Why put myself out there by disclosing my eating disorder, you might ask? Because by *not* doing so, I’ve been giving myself the message that I should be ashamed of it, that it’s my fault. Because it’s an opportunity to demonstrate that eating disorders don’t affect only teenagers—they fail to discriminate based on age, gender, (dis)ability, race, shape, and the list goes on. Because my seizures have proven to be a greater complicating factor than anticipated (more some other time, maybe, about the connections between my experience with epilepsy and the manifestation of my anorexia now that I’ve opened the door to writing about my eating disorder), so addressing this in my blog, which is ostensibly epilepsy-themed, is at least somewhat appropriate. Because I talk a big talk about the importance of reducing stigma re mental-health issues but have then chosen to be the world’s biggest (errr …) hypocrite by not disclosing, or only half-disclosing, my own all-consuming mental-health (and physical) illness to the vast majority of the people I know. Because I realize, as I type this out, that while I’m embarrassed, I’m also proud of how hard I’ve been working to get better. It’s been extremely challenging—one of the most difficult things I’ve ever done, and if you’ve read through this blog’s archive, you know that I’ve navigated some less-than-ideal situations these last few years. Not that I had a choice in the matter: if I hadn’t been open to receiving help, my irrational OCD-fuelled and anorexia-driven compulsions would’ve killed me. Blunt, harsh, and dramatic, perhaps, but true.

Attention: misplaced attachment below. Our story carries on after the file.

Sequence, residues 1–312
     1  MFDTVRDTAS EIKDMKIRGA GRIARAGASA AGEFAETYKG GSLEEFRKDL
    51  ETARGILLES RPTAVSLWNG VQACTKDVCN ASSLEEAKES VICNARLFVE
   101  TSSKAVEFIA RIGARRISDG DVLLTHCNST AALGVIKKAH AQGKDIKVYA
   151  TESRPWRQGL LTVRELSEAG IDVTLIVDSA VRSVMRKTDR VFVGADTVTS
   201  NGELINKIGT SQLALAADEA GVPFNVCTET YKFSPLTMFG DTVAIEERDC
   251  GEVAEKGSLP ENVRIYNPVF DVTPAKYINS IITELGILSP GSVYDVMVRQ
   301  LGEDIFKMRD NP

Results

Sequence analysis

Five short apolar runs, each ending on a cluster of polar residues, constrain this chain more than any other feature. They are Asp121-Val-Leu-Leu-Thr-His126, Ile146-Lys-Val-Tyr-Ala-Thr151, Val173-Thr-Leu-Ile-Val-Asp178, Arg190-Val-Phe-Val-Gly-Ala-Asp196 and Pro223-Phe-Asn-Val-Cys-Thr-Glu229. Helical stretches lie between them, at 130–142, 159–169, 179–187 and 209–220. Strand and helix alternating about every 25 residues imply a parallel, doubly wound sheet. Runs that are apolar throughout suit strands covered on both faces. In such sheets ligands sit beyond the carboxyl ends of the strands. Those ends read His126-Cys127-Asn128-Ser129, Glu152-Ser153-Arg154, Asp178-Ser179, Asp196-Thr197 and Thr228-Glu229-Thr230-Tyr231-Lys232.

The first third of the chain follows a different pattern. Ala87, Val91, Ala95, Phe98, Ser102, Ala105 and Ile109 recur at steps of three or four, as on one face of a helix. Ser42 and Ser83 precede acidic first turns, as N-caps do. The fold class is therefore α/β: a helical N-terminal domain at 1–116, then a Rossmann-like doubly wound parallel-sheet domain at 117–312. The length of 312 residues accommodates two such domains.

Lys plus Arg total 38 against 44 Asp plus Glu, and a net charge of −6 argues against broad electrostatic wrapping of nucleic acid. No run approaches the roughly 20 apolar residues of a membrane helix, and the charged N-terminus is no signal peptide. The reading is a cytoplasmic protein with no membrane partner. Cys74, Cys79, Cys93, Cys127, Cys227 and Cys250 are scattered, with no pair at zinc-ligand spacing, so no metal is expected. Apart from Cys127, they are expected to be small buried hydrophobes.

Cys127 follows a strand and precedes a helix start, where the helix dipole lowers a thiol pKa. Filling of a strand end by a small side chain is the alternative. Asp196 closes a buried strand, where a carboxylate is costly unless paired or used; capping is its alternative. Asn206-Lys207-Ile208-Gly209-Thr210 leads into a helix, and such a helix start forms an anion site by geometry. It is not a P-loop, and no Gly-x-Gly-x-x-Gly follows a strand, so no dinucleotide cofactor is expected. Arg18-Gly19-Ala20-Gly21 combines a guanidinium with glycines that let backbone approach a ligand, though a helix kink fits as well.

That, I guess, is the primary reason I felt it was important to mark National Eating Disorder Awareness Week with a post about how anorexia came back to mess up my life: because I still have mine. I’m lucky, in that sense; as NEDIC states on its website, citing studies to back up the figures, “AN has the highest mortality rate of any psychiatric illness – it is estimated that 10% of individuals with AN will die within 10 years of the onset of the disorder.”